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I know WIFI networks can be detected by their signal, but I was told that through some kind of network analysis on a wired network you could detect a WIFI router.

I'm on a network with around 500 computers. We have ethernet ports to connect to this networks. I was told not to connect a WIFI router because it was forbidden. I was told that a WIFI router would be detected by an automated tool that analyses the data that goes through the network. I have a friend who already has a router and has a computer without an ethernet port.

How is the traffic of a computer through the router different from the traffic of the computer plugged using the ethernet port?

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    Only difference is it is over the air rather than copper. Your question is not very clear. – Moab Oct 2 '15 at 16:50
  • I'll try to make it clearer. – Gerard Oct 2 '15 at 16:54
  • The network admins can most likely see practically any device that's plugged into their network, especially one that's actively sending/receiving traffic – Ƭᴇcʜιᴇ007 Oct 2 '15 at 17:18
  • Techie007, But can they determine if that device has wireless and if anyone is using it? – Moab Oct 2 '15 at 17:28
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    @Moab: A router will request a DHCP lease for itself the second it's connected and turned on, just like any other device. While you can typically spoof a MAC, most people don't, leaving obviously identifiable vendor IDs. – qasdfdsaq Oct 2 '15 at 17:38
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Going to assume you're in a dorm of some sort?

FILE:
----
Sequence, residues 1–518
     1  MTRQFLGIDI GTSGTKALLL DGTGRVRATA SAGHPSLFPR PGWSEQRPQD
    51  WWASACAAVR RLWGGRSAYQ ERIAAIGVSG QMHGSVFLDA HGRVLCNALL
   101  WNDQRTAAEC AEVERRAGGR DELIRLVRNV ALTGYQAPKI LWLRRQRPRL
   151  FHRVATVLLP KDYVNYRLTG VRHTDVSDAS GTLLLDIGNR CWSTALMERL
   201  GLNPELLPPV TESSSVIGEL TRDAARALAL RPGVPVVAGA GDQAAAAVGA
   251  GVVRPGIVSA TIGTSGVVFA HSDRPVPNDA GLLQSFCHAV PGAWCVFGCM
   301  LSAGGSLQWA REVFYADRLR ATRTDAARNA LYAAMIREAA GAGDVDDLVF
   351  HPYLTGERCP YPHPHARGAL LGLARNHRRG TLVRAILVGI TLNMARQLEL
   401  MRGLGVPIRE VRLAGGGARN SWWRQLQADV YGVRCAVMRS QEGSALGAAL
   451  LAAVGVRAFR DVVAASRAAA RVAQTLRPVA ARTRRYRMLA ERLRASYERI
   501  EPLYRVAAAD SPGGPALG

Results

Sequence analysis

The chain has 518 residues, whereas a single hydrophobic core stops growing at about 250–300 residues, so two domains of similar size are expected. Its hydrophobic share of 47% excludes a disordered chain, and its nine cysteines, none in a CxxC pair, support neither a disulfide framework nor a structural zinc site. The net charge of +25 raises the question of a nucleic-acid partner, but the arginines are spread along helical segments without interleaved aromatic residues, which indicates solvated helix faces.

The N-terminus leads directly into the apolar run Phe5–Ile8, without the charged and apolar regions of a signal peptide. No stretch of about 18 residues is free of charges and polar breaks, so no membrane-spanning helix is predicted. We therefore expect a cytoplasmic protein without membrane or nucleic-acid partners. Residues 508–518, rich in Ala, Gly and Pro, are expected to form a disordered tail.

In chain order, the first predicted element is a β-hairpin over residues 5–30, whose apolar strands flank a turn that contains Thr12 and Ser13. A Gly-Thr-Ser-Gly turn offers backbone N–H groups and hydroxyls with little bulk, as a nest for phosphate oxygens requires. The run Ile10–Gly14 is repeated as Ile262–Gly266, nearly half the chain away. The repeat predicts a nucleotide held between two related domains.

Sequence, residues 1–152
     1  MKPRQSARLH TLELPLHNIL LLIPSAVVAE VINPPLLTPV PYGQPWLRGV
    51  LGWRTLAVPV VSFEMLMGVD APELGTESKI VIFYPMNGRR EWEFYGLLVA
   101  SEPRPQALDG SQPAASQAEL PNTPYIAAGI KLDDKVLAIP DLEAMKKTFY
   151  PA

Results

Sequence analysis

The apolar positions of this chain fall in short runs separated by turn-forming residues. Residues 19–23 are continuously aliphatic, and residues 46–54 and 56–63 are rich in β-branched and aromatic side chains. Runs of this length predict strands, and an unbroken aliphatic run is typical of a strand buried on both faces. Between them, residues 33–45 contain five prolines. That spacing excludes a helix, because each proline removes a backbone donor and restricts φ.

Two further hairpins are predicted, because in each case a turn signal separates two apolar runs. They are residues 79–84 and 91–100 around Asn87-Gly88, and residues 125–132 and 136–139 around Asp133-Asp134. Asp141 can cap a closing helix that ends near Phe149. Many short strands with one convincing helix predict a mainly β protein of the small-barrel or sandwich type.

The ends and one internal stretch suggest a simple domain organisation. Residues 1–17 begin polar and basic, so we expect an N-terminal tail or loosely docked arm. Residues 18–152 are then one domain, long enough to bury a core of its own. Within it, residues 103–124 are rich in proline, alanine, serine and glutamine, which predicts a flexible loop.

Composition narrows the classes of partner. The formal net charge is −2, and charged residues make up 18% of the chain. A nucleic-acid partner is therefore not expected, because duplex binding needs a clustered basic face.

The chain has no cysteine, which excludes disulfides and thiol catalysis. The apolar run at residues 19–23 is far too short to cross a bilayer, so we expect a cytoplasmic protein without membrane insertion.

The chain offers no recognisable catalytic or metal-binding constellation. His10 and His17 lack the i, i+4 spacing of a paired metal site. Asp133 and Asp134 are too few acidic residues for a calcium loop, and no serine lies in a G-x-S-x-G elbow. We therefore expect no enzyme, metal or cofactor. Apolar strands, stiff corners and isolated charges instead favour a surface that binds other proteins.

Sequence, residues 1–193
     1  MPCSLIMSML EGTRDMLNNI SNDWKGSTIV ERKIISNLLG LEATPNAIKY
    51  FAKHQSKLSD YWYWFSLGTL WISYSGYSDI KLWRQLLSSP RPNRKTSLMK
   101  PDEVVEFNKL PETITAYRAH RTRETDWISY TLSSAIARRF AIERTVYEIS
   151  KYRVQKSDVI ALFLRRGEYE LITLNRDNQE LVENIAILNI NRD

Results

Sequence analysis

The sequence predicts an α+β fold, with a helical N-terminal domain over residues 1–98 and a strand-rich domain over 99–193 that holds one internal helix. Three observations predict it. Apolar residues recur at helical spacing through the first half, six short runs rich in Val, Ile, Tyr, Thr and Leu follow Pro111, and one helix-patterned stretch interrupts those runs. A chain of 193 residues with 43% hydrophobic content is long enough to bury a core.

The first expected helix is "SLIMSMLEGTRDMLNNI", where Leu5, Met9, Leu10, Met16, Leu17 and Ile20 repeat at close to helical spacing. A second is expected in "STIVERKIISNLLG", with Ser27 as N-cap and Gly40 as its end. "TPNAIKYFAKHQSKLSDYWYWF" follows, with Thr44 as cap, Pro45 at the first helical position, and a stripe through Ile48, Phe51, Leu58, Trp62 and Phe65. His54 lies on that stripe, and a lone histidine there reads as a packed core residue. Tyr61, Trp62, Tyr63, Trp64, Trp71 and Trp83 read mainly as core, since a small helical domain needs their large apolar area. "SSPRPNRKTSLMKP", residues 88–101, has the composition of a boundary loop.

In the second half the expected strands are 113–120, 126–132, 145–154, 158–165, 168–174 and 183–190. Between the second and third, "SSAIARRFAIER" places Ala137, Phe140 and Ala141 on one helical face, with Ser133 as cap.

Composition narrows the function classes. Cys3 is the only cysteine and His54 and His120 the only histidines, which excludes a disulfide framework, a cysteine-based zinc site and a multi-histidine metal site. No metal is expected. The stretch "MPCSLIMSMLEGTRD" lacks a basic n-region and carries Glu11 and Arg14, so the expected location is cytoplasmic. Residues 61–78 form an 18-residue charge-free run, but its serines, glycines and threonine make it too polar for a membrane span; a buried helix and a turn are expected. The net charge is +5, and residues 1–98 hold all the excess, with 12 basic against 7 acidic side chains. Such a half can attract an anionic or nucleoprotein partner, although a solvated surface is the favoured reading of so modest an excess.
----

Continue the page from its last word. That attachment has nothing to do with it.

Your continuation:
Normally you could just connect your laptop and create a wifi network off its adapter. They wouldn't notice. Same probably goes for buying a router and connecting it. The main difference is the MAC address it would display would be Cisco/Belkin/Linksys/Zyxel or whoever, so if the admin looked really closely they could guess what was going on. They wont look that closely though.

One issue you will encounter though is double NAT, but depending on current restrictions within the network that may not matter.

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  • You could assume that. Apparently there is some sort of report on suspicious IPs every month, so I guess they might look into it, although it's supposed to be an automated process, so I'm not sure how precise would it be. I could try to spoof the MAC address and I'll investigate on the double NAT, just in case, and hope for the best. Thank you! – Gerard Oct 4 '15 at 21:27

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